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DNA Dance©

 

or, How to Build a Human DNA Model--Out of Humans.

 

The Human DNA Model demonstrates three key ideas of the Watson-Crick model of DNA:

1. DNA is double-stranded;

2. The two strands are complementary;

3. The two strands are antiparallel.

 

The Human DNA Model does not show the fourth key idea of the Watson-Crick model: DNA is helical.

 

However, the Human DNA Model is among the easiest ways to show the idea of "antiparallel" because the two lines of people face opposite directions as they shake hands, like two teams after a baseball game. Few models of DNA actually show the antiparallel nature of DNA, and of the models that do show the antiparallel aspect, most do not make it easy to see that the strands are heading in opposite directions. This one does.

 

Tom Zinnen, UW Biotechnology Center and UW-Extension, 608/265-2420

Objective: To demonstrate how DNA is structured, copied, spliced and read. DNA Dance is demonstrated in the SERC Biotechnology workshop tape from October 20, 1993 (session 1). To order the entire series or any combination contact: Tape Dubbing Service, Wisconsin Public Broadcasting, (608) 264-9701. Copyright ©1992. Tom Zinnen, UW Biotechnology Center. Permission for non-commercial, Outreachal use is hereby given.
Students will understand that:
  • DNA is composed of 4 nucleotides, or building blocks: A, T, G and C
  • These building blocks can be strung together (to carry a message).
  • A single string can be paired with another string (its "mate" or "complement"), to make double-stranded DNA (given A matches with T and G matches with C).
  • The order of nucleotides in one strand will determine the order of its mate.
  • The two mate strands face in opposite directions.
  • The order of the building blocks can be used to make three-letter words that can code a message;
  • DNA can be copied by "unzipping" the original double strand and filling in the two separated strings or strands with spare building blocks.
  • A new piece of DNA can be spliced into another piece of DNA to give new messages.
What to do:
1. Divide students into 4 groups: A, T, G, C.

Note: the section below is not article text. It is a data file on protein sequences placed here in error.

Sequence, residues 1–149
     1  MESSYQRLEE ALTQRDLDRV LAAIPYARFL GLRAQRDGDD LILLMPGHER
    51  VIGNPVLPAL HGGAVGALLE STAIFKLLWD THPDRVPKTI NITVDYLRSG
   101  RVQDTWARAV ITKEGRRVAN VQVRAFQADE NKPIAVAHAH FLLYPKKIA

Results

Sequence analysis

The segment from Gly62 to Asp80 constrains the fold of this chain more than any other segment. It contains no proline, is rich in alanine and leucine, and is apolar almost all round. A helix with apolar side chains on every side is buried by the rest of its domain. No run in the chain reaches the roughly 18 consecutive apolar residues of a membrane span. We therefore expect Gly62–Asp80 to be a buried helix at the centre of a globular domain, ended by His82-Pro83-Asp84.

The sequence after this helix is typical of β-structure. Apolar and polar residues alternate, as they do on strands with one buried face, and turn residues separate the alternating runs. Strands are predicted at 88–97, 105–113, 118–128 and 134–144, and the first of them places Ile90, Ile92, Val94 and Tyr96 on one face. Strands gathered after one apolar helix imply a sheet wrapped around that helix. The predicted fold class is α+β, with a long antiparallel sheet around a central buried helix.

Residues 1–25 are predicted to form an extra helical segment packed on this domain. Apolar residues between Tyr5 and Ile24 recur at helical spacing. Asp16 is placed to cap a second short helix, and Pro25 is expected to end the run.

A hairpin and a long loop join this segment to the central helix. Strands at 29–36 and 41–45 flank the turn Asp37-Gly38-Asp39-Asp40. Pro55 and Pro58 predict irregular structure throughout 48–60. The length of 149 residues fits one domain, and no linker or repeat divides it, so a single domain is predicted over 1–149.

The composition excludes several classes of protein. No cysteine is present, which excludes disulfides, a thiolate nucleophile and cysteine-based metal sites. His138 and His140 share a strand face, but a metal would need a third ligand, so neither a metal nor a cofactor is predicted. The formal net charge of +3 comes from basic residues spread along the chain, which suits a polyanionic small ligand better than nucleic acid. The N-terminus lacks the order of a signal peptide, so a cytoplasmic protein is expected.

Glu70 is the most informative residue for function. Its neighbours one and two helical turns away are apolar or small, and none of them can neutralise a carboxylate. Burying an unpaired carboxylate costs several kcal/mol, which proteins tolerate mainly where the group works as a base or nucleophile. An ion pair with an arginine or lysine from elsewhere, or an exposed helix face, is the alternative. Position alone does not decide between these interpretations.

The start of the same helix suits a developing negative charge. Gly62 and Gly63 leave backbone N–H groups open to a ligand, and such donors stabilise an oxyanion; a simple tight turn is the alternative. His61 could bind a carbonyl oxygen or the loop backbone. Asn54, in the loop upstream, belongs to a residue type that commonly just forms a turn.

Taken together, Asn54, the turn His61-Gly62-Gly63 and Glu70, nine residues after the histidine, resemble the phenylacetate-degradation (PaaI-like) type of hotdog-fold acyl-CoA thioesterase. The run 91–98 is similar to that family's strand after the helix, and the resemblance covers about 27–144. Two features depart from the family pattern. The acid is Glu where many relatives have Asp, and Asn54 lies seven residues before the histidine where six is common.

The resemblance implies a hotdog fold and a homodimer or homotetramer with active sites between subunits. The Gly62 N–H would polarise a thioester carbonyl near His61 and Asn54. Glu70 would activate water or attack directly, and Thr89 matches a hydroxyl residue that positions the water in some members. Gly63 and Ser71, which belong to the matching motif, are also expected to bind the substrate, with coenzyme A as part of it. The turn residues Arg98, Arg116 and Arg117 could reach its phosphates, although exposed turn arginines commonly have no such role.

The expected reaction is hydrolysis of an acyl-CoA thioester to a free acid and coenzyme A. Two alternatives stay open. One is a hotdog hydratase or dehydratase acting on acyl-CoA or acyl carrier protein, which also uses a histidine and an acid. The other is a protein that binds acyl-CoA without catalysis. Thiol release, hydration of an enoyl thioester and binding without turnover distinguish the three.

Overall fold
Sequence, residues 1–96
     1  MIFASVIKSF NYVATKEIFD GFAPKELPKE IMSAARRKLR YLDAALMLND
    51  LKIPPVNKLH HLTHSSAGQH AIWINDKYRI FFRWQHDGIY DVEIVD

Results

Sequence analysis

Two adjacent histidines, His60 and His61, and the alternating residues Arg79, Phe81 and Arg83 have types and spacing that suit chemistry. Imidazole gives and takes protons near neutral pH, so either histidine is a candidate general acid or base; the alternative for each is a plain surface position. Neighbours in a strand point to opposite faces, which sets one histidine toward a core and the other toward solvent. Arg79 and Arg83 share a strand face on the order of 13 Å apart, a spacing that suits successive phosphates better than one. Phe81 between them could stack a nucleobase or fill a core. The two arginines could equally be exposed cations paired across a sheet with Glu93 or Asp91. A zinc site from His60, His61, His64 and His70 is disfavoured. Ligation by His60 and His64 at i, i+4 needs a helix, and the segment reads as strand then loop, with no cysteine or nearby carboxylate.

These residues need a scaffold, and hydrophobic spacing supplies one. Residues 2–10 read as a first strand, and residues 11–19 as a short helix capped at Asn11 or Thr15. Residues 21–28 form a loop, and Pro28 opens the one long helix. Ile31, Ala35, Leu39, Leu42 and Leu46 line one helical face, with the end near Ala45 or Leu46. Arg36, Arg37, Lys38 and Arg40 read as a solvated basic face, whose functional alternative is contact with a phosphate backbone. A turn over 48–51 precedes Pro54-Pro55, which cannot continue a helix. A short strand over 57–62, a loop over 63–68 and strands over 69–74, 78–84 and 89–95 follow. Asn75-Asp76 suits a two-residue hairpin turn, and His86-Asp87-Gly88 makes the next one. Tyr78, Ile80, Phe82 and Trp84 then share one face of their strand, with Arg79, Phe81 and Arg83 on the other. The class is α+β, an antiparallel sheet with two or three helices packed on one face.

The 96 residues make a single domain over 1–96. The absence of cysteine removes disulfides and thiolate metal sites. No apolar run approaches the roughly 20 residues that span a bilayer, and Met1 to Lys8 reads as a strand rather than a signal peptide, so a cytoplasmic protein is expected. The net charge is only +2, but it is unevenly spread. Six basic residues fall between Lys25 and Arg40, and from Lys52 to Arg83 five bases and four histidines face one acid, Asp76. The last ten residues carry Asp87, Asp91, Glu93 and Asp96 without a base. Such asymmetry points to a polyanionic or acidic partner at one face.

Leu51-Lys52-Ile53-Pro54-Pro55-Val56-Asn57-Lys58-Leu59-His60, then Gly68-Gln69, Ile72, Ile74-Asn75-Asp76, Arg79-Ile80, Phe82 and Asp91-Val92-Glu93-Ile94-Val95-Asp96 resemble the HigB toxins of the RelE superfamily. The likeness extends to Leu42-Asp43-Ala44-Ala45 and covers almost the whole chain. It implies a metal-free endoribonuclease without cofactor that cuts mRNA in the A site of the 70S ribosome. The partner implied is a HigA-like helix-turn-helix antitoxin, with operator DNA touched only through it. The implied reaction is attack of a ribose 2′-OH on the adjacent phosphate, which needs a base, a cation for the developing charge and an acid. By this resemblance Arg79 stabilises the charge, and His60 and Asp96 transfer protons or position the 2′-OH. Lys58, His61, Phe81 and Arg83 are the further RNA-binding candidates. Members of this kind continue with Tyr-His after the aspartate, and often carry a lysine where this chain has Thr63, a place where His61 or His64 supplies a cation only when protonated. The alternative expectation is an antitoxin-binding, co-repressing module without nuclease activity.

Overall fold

sticka stickt
stickg stickc
2. Assign the rule that A's go to T's and vice versa; and G's go to C's and vice versa. (Matching rules or bonding rules or Chargaff's rules).
3. Assign the position so each person's left arm is extended to the front, and right arm is extended to the side (in a top view, the arms form an L: the "L" position). The left arm is like the phosphate in a DNA nucleotide; the body is like the deoxyribose in a DNA nucleotide; and the right hand is like the nitrogenous base in a DNA nucleotide. The left shoulder serves as the 3' carbon of the deoxyribose, to which attaches the phosphate from the next nucleotide (the left hand of the next person behind). The right shoulder serves as the 1' carbon of the deoxyribose, to which is attached the base (the right hand).
top
4. Assign configurations for the RIGHT hand: THIS IS A KEY STEP
ohand C's curve their hands partly open. point T's make a hook by extending a curved index finger;
fist G's make a fist; chand A's make an "OK" sign by touching their index finger to their thumb;
Note that these are designed so A's and T's can match or interlock, and so can G's and C's. Other combinations are more awkward.
5. Mix the students so that all four types are mingled. stickmixstickmix
6. Randomly pull out 1/3 of the group, and line them up, left hand of one on the left shoulder of the next person ahead, right arm extended to the side, right hand in the appropriate configuration.
conga
7. Now let the other 2/3 of the group assume the L position and the right hand configuration. Form a second line by joining the right hands of students in the second line with the right hands of the students in the first (template) line.
dance

Note that this second line will face in the direction opposite of the original. Also, note that its sequence will be complementary to the first (but the two strands are NOT a mirror image of each other).

 

You can show how DNA can melt into two single strands by asking the two lines to release their handshakes and take one step to the left, while keeping their right hands in the C, T, G or A form. You can show how two complementary single strands of DNA can anneal (come together) by then having the two strands come back together into a double-stranded form.

You can copy DNA by splitting the two-stranded line, and filling in at the "fork" where the split is initiated. Cutting and splicing and most other DNA manipulations that depend on sequence and antiparallelism (but not on helical aspects) can be demonstrated using this dance analogy.